Combination chemotherapy trials in metastatic carcinoid tumor and the malignant carcinoid syndrome

    loading  Checking for direct PDF access through Ovid

Abstract

ONE HUNDRED EIGHTEEN PATIENTS with metastatic carcinoid tumor were randomized to treatment with streptozotocin combined with cyclophosphamide or with 5-fluorouracil (5-FU). Commonly experienced side effects were nausea, vomiting, leukopenia, thrombocytopenia, and nephrotoxicity. Objective response rates among eligible and evaluable patients treated with the 5-FU combination was 14 of 42 (33%) and with the cyclophosphamide combination, 12 of 47 (26%). Among those patients with carcinoids primary to the small bowel the respective response rates were 44% and 37%. The overall response rates for patients with carcinoids of pulmonary or unknown origin were only 12% and 17%. There was no significant difference in patient survival between the two treatment arms. Among 11 patients who received crossover therapy with 5-FU alone there were two responders. There were no responders among eight patients treated with cyclophosphamide alone.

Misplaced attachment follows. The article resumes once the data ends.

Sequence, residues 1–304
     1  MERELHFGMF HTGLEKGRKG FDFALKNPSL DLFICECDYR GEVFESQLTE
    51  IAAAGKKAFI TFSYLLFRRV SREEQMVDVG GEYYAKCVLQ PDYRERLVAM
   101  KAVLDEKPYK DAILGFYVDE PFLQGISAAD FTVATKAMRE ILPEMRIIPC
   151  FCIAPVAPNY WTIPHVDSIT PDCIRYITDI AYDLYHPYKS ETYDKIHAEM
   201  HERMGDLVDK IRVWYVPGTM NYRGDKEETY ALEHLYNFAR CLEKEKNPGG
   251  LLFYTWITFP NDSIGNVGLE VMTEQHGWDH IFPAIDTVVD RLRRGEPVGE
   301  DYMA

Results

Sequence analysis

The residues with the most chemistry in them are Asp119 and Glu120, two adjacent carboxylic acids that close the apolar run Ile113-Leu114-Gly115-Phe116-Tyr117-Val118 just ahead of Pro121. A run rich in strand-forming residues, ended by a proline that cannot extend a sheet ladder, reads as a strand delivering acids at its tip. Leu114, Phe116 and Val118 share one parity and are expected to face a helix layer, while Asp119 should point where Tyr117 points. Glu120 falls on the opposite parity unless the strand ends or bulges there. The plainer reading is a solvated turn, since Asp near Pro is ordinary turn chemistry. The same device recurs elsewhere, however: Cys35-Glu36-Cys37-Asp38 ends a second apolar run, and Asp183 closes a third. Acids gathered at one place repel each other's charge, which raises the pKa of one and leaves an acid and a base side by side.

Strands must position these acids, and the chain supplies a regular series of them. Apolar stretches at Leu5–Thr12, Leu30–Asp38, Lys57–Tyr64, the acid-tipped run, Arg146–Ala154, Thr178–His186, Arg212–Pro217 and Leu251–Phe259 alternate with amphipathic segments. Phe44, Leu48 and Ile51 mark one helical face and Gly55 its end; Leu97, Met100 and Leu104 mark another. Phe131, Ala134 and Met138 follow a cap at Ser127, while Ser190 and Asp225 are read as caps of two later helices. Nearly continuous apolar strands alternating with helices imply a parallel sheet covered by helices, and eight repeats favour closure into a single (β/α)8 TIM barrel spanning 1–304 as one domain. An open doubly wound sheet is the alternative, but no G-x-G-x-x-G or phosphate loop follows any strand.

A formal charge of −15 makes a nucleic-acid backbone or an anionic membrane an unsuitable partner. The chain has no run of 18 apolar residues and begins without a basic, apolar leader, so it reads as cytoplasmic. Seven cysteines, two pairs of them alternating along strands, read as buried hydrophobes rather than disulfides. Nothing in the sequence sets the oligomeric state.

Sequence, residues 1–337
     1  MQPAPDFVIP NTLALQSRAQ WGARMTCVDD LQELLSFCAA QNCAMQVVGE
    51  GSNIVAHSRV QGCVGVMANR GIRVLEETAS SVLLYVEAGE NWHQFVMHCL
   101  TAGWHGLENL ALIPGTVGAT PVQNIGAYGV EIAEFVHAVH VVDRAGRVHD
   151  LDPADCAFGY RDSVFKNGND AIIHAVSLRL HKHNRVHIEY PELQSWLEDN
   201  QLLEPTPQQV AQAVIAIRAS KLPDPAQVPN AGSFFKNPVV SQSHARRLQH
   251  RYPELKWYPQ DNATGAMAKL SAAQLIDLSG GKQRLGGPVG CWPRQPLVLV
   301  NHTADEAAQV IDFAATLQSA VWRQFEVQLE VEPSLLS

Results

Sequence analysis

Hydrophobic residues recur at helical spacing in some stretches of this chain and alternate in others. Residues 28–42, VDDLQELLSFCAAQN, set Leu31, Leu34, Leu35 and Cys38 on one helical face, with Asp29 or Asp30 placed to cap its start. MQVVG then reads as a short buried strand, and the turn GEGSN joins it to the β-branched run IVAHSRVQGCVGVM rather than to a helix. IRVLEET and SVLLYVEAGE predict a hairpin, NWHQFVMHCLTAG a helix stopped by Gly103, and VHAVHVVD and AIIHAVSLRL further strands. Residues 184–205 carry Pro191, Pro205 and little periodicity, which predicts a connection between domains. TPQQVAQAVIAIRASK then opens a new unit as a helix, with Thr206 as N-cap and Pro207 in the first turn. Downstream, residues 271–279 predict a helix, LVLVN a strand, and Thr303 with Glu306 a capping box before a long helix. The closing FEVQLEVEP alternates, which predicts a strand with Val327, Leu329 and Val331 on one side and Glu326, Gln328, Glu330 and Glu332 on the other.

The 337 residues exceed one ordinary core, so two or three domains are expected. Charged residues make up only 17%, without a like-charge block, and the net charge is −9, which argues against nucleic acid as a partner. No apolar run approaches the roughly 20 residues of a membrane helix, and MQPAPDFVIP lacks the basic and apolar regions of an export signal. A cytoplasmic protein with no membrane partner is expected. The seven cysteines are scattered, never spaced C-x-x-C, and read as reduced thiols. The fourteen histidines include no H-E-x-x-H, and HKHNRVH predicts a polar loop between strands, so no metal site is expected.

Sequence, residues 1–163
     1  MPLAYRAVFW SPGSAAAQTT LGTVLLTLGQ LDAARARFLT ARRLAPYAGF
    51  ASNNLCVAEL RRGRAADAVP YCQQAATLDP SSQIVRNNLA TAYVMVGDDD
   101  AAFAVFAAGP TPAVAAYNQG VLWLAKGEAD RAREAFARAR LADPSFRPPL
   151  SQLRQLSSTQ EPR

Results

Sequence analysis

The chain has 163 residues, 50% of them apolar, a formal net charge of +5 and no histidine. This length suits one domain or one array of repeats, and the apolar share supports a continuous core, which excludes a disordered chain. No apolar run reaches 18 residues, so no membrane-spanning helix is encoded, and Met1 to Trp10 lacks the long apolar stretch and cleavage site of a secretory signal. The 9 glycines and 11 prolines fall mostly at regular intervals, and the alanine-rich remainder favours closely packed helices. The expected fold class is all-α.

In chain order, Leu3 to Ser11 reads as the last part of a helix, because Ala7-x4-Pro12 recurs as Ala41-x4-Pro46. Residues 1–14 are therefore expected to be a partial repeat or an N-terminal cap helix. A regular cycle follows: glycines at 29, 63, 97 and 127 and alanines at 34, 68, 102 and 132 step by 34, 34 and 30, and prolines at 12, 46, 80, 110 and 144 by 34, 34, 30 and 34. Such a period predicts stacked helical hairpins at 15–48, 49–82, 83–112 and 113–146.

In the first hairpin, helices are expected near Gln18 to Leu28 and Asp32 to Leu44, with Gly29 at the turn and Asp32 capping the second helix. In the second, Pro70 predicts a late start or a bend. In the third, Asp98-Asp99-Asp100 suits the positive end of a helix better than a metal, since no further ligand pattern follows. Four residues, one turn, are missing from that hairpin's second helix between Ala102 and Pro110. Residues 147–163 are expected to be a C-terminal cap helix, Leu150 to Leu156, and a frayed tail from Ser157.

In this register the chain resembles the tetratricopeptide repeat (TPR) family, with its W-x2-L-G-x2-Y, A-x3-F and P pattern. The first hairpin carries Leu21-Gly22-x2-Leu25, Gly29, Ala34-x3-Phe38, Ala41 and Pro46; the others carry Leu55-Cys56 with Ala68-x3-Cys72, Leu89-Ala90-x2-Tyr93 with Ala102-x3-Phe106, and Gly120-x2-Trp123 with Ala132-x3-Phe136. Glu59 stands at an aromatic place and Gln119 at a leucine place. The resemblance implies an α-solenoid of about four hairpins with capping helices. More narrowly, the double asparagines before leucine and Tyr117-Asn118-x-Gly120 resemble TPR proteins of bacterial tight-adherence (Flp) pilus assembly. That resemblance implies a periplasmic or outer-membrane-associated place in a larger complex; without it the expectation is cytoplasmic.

Urinary 5HIAA excretion proved to be a useful biologic marker in these patients that correlated well with the observed measurements of tumor bulk.

Median survival times from the diagnosis of unresectable malignant disease related to sites of origin of carcinoid tumor were the following; small bowel, 28.4 months; pancreas, 24.0 months; lung, 15.1 months; and unknown origin, 9.0 months.

Metastatic carcinoid tumor is a malignant disease susceptible to chemotherapeutic approaches and continued investigation of the therapy of these neoplasms should be strongly encouraged.

Related Topics

    loading  Loading Related Articles